A look at the lives of teenagers and adults in a Texan town, and how technology and the Internet impacts their lives.
This week, director Jason Reitman takes on the challenge of ensemble drama, but after the misstep of Labour Day, this may not be the film that gets the director of Juno, Up in the Air and Young Adult back on track.
The cast of Men, Women & Children is a great one; Emma Thompson narrates the whole affair from afar, Adam Sandler turns back to drama, Judy Greer plays a rather manic mother and Ansel Elgort plays a charming young man on the look out for love. As well as this, Rosemarie DeWitt plays a wife bored of her marriage, Jennifer Garner takes on a role decrying the Internet and its ways, and Dean Norris plays a father trying to connect with his son.
The trouble with ensemble dramas, as we saw with last month’s Third Person, is that with so many threads running through a film, it takes a strong screenplay to pull them all together to deliver a message, and this is something that is lacking in Men, Women & Children. Despite what the UK trailer would have you believe, this is not a film about teen love, instead, the film tries to examine the impact of secrets and the internet on people’s lives, and the notion that none of this really matters anyway because, in terms of the universe, humans are insignificant. Cheery!
There is so much going on here that any one of the stories could have been pulled out and developed, in order to give the film structure and a feeling of connectedness, but instead we dip in and out of stories, seemingly at random, never truly getting a feel for the characters, other than the superficial.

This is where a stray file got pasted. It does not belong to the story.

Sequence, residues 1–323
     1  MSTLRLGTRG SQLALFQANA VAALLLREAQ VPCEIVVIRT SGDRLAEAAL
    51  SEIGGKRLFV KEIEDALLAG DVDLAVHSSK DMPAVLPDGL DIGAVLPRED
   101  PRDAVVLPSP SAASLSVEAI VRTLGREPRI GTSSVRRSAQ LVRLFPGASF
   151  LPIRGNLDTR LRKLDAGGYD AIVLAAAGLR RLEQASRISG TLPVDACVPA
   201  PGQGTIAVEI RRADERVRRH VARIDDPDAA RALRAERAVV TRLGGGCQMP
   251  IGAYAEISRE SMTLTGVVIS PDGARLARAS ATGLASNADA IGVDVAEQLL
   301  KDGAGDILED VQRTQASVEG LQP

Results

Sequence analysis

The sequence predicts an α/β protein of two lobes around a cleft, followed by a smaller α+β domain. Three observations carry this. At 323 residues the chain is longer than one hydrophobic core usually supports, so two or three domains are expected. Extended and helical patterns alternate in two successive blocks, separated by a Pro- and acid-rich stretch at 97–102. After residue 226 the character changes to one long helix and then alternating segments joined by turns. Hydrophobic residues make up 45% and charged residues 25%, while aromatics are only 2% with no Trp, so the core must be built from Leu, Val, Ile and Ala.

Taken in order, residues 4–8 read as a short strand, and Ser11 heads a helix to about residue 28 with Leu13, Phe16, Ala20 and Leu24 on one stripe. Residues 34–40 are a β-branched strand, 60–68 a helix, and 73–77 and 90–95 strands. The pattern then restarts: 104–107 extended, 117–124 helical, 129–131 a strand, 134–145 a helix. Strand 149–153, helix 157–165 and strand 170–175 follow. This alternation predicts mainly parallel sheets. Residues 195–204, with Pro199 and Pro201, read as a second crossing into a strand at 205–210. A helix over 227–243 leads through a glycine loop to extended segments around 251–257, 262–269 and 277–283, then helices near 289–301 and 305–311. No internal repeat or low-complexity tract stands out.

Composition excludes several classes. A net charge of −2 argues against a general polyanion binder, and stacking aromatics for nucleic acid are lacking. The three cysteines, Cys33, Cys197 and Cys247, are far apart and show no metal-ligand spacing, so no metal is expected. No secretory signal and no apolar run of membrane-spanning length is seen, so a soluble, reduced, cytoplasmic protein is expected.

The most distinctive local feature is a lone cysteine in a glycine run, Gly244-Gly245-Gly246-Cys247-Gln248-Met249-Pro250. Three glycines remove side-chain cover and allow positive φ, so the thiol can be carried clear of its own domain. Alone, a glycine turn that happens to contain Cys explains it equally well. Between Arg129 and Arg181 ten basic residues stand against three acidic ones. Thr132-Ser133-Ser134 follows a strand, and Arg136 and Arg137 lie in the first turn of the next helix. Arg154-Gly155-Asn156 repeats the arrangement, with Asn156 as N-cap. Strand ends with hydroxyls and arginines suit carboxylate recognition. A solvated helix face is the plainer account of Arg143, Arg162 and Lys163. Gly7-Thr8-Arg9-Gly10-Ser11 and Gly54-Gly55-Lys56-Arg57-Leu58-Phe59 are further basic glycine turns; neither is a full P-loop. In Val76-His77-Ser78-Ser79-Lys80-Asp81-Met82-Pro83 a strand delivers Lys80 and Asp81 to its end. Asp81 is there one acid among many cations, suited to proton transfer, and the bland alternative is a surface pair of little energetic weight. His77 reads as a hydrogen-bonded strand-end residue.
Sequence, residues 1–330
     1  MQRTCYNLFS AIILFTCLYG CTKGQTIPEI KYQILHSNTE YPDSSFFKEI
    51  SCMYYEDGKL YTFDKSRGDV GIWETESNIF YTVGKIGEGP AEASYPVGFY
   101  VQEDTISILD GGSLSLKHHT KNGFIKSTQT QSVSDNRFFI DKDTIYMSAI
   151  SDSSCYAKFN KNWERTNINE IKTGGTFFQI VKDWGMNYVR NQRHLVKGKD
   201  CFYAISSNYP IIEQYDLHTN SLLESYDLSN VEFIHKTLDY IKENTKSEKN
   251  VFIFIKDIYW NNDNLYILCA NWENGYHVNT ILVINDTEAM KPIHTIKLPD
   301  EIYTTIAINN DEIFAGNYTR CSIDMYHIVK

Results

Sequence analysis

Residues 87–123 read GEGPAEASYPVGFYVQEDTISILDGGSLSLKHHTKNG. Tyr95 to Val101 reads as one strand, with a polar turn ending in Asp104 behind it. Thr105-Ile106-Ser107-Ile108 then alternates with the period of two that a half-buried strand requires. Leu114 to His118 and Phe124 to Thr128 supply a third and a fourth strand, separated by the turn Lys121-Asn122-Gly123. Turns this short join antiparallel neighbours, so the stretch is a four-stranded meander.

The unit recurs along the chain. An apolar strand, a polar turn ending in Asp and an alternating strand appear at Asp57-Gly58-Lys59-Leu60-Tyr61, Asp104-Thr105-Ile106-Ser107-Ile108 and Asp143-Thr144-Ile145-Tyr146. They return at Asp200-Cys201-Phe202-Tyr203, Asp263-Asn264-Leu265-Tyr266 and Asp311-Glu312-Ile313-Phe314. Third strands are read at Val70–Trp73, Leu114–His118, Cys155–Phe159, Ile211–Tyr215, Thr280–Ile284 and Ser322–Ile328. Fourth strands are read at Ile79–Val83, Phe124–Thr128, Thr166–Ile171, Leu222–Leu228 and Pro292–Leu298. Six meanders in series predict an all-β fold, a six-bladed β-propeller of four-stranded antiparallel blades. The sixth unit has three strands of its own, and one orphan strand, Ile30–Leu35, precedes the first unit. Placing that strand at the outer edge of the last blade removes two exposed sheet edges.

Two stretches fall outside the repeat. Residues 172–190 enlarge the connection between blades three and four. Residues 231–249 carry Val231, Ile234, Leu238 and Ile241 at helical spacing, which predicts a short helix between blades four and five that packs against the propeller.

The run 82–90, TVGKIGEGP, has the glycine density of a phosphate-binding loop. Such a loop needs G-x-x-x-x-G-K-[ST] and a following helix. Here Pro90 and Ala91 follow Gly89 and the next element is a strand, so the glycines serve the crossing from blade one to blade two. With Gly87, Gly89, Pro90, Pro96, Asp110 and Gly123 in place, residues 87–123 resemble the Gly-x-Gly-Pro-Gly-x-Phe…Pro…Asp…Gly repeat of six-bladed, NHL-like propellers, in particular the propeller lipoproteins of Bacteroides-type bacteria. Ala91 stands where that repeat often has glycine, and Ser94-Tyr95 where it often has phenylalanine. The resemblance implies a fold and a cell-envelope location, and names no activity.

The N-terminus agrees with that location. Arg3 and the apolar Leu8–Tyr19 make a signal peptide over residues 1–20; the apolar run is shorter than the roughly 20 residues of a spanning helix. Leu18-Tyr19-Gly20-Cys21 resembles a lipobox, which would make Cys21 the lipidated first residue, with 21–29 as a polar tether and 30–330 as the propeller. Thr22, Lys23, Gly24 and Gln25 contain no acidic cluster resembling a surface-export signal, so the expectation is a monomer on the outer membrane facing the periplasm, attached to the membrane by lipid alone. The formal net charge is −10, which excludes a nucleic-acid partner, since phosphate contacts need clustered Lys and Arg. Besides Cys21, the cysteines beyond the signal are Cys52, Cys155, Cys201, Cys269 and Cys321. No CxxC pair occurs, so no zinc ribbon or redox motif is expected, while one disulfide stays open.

As director, Jason Reitman has coaxed some believable performances from his cast, but since we never delve beneath the surface of the characters, the film quickly becomes tiresome. Instead of a meditation on the internet and its evils, audiences may well find themselves wondering why no-one logs out of accounts on shared computers, does a malware check on their PC, uses condoms and just what the internet ever did to Jennifer Garner. As well as this, Men, Women & Children takes great glee in using the schtick of displaying computer and phone messages on the big screen, and since Sherlock, this gimmick has never really been used well or effectively.
In all, Men, Women & Children tries to be a meditation on the evils of the internet, as well as an exploration of the human race’s insignificance, but ends up being superficial, muddled and uninteresting. Still, Adam Sandler doesn’t shout in the film, not even once, so that’s got to be worth an extra star.